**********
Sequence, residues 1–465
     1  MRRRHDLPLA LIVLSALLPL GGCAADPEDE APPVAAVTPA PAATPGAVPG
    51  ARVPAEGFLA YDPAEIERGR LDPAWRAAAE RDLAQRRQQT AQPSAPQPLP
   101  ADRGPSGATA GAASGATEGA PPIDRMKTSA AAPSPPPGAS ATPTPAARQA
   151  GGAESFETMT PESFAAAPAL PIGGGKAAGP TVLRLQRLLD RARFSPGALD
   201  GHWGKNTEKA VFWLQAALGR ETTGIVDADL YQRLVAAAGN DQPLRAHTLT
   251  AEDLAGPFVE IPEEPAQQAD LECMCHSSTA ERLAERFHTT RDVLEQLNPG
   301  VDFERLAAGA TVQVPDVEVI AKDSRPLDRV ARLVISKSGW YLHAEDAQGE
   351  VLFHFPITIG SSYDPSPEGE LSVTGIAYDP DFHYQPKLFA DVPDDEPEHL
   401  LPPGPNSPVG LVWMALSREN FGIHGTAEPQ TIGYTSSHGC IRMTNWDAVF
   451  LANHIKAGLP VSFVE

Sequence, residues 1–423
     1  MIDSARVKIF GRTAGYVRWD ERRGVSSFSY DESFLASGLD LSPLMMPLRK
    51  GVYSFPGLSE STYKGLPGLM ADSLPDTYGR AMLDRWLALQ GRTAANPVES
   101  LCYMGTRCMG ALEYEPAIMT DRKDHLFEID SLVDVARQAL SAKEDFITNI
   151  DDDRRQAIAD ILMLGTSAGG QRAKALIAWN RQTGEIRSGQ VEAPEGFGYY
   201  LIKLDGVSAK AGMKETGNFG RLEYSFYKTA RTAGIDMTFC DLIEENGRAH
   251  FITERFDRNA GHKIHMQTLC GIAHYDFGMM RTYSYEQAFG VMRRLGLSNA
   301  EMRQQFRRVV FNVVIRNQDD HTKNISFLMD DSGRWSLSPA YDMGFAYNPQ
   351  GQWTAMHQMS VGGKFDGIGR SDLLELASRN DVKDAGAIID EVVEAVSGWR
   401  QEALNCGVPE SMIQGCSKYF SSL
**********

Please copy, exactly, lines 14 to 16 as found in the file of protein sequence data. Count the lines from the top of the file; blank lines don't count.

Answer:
    51  GVYSFPGLSE STYKGLPGLM ADSLPDTYGR AMLDRWLALQ GRTAANPVES
   101  LCYMGTRCMG ALEYEPAIMT DRKDHLFEID SLVDVARQAL SAKEDFITNI
   151  DDDRRQAIAD ILMLGTSAGG QRAKALIAWN RQTGEIRSGQ VEAPEGFGYY